It is sometimes the case that we (authors) may not research things as carefully as we should simply because we don’t know we need to! I’m glad you were able to amend your plot appropriately 🙂 . I must confess that my heroine in ‘Lady Beauchamp’s Proposal’ has slightly anomalous pockets in her widow’s weeds. Pockets are pockets right?? Well no, not in Regency gowns apparently – and many of them didn’t even have pockets. Although a very kind reader who read my book (and knows a lot about Regency fashions and pockets – she wrote a wonderful blog post on them last year) has informed me that it’s not obvious that Lady Beauchamp’s pockets aren’t quite technically correct – and I can assure readers they are not done up with a zipper!!! Even though I know most readers probably won’t mind or perhaps won’t notice my minor error, my fingers are just itching to amend that little detail! Thanks for the link to Nancy’s site too 🙂 .

  4. 22 February 2015 12:09 pm

    I find some of the things you mention more annoying than others. Transportation for example is hard to wrap my 21st century mind around; all I need is plausible. Attitudes toward relationships is, however, very important. There was a stronger, clearer moral compass regarding sex. That doesn’t mean people didn’t violate the rules, only that the rules were there and they influenced attitude and behavior. Language? I take a middle route. Too much accuracy can baffle a reader. I’m less of a stickler on lady’s close than some folks, but I do love Regency clothing.

    Your post was thought provoking.Thanks for sharing.

    • amyrosebennett permalink
      22 February 2015 3:23 pm

      Thanks for sharing your thoughts, Carol. I think part of the reason I like reading and writing about the Regency era so much is because there was a strict code of behaviour – on the surface at least. I think it offers authors great opportunities for creating conflict and high-stakes drama within a story when the rules get bent or broken 😉 . I must admit that the more I write, the more conscious I am of some of the more common errors. But I’m happy to forgive a few oversights if the story is really good 🙂 . And I’m with you on Regency fashions! I love the simple elegance of the era.

  5. helensibbritt permalink
    22 February 2015 11:58 am

    Great post and as a reader I am happy to let a few errors go by and in some cases I probably wouldn’t notice them especially if the story has me 🙂

    Oh and I did very much enjoy Lady Beauchamp’s Proposal 🙂

    Have Fun

    • amyrosebennett permalink
      22 February 2015 1:06 pm

      Thanks for dropping by, Helen! It’s great to hear that readers are happy to forgive the odd error 🙂 . And I’m so pleased you enjoyed ‘Lady Beauchamp’s Proposal’.

  6. 22 February 2015 11:53 am

    Great interview, Amy. And love the discussion on contractions.

    • amyrosebennett permalink
      22 February 2015 1:03 pm

      Thanks, Suzi! I’m pleased to see there are others that enjoy reading about the ins and outs of contractions! Who’d have thought that the use of grammatical markers could be such a controversial topic?!

  7. AnneGracie permalink
    22 February 2015 10:19 am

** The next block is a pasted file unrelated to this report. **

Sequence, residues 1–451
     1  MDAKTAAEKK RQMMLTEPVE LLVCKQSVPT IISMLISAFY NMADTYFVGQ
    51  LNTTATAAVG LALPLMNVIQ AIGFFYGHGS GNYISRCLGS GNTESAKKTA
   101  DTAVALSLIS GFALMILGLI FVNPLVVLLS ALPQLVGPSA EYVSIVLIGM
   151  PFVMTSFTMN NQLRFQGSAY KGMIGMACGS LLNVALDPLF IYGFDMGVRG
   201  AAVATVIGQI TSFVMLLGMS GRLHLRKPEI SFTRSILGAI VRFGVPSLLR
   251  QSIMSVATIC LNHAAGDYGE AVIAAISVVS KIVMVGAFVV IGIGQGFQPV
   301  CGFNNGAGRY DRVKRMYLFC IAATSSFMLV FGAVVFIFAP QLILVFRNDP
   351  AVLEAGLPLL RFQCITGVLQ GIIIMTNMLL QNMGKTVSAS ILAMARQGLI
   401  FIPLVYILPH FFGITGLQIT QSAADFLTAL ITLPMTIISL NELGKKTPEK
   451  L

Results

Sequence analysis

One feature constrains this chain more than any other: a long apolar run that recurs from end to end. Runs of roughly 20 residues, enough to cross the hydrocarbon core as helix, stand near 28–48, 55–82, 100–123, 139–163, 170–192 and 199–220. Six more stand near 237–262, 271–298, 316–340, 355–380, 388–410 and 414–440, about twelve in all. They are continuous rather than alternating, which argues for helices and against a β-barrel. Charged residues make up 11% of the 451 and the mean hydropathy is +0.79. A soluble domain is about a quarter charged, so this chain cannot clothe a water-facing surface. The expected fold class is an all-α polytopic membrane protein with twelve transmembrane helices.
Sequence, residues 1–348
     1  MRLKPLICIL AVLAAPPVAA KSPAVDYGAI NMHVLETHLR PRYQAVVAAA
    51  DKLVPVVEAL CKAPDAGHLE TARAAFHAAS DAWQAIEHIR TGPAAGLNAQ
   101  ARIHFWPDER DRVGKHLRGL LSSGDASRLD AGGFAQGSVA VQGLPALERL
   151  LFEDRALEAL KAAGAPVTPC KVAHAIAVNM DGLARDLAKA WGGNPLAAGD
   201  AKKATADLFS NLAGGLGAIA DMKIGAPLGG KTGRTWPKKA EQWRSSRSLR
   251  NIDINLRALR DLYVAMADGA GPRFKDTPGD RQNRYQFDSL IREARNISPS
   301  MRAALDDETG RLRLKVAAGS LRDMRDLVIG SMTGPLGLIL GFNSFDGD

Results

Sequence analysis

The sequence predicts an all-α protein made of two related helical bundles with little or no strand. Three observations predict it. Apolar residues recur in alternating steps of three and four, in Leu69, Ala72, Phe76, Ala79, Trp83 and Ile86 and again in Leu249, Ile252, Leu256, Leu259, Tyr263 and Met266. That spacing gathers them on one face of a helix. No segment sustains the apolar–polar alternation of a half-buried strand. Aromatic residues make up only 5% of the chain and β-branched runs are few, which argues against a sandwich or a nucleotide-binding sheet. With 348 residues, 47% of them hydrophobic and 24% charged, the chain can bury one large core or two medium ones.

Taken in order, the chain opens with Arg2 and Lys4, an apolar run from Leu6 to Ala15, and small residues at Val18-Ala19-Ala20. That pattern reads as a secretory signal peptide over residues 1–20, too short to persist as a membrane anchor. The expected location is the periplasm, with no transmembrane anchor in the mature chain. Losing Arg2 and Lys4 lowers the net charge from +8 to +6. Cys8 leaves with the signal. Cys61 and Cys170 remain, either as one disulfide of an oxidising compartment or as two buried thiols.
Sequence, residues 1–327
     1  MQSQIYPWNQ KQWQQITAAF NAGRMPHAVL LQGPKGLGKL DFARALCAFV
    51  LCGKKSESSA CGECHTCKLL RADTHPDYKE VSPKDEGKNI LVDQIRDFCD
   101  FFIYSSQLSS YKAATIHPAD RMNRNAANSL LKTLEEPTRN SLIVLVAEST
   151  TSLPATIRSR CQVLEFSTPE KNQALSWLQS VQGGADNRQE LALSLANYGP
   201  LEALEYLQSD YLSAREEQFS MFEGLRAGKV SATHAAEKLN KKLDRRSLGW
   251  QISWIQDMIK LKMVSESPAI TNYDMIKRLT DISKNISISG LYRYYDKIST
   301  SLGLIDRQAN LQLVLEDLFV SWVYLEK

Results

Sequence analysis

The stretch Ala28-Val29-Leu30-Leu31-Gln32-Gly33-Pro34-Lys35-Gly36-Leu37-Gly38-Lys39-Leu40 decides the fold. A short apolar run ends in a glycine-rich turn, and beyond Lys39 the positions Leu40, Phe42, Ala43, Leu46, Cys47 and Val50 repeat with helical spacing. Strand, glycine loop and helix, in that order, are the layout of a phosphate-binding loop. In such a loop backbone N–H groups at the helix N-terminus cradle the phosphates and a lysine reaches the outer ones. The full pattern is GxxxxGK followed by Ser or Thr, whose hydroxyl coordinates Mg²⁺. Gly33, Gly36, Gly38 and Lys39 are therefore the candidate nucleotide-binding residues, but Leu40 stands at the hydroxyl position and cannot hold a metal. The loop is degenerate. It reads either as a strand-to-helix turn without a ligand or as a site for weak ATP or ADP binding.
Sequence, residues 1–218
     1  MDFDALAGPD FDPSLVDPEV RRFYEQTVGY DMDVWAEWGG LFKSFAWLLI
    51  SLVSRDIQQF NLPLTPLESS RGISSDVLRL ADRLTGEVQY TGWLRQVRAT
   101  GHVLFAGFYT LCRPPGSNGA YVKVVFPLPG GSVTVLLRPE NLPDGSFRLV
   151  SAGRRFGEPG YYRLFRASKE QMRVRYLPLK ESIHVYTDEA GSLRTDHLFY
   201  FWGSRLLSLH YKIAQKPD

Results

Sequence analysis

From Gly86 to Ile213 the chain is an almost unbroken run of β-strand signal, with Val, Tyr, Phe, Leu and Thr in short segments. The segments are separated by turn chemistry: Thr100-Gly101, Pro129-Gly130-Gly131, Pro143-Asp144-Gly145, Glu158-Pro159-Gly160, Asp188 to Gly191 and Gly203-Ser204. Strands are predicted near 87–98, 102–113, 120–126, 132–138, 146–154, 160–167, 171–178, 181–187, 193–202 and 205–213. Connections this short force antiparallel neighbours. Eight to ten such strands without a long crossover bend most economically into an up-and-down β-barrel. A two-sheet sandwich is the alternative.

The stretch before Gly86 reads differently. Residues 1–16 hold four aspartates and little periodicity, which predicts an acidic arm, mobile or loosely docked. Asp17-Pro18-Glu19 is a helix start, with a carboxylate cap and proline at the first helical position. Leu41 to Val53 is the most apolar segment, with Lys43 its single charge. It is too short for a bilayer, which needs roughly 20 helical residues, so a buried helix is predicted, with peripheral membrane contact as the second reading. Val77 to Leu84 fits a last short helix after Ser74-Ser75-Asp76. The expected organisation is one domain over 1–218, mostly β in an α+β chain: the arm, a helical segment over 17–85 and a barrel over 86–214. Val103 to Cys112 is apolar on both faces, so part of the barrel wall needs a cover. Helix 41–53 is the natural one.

Hi Amy, here’s my take on contractions — for many years (and even into my own lifetime) contractions were regarded by some as informal usage and therefore not to be encouraged in the written form, unless — and only if you “must” — when reporting direct speech — ie in dialogue. But it was frowned on by the grammar sticklers, and often taken out by those who “corrected” writing.

    However contractions were used all the time in real life and have been for centuries. The usage in daily life didn’t change — it was a surge in “grammarly correctness” that increased as education became more widespread and “rules” were needed — and developed. These were, by and large, developed for teachers. So many people learned to write in a more formal, stilted, non-contracted fashion. This was also when spelling was being regularized (though a number of variations on some words were still quite acceptable and not regarded as ‘mistakes’.)

    As for contractions in the Regency — as you say, Jane Austen didn’t use them, the Brontes did — it was a matter of personal preference and education. I have a collection of letters and journals from the early 1800s, and they also vary — as indeed they should. One writer regularly uses ‘d for past tense ed endings — eg pass’d, fear’d, scatter’d. As well as tho’ and also also wou’d, cou’d and shou’d.

    So IMO avoiding contractions is not a matter of historical accuracy. It is, and has always been, a choice made by the writer.

    • amyrosebennett permalink
      22 February 2015 11:01 am

      Thanks so much for all of that fascinating information, Anne! As an unpublished author, I once received a critique from an author of traditional Regency romance who admonished me quite soundly for using contractions – hence my defensiveness on the subject. I’ve also come across some quite interesting online discussions about the topic in Regency focused groups. Perhaps historical ‘accuracy’ related to contraction use is in the eye of the beholder.

  8. 22 February 2015 9:53 am

    Fantastic article. No cock and bull here. Thanks for this Amy

    • amyrosebennett permalink
      22 February 2015 10:46 am

      Thanks, for stopping by, Maggie. I’m so glad you enjoyed my post!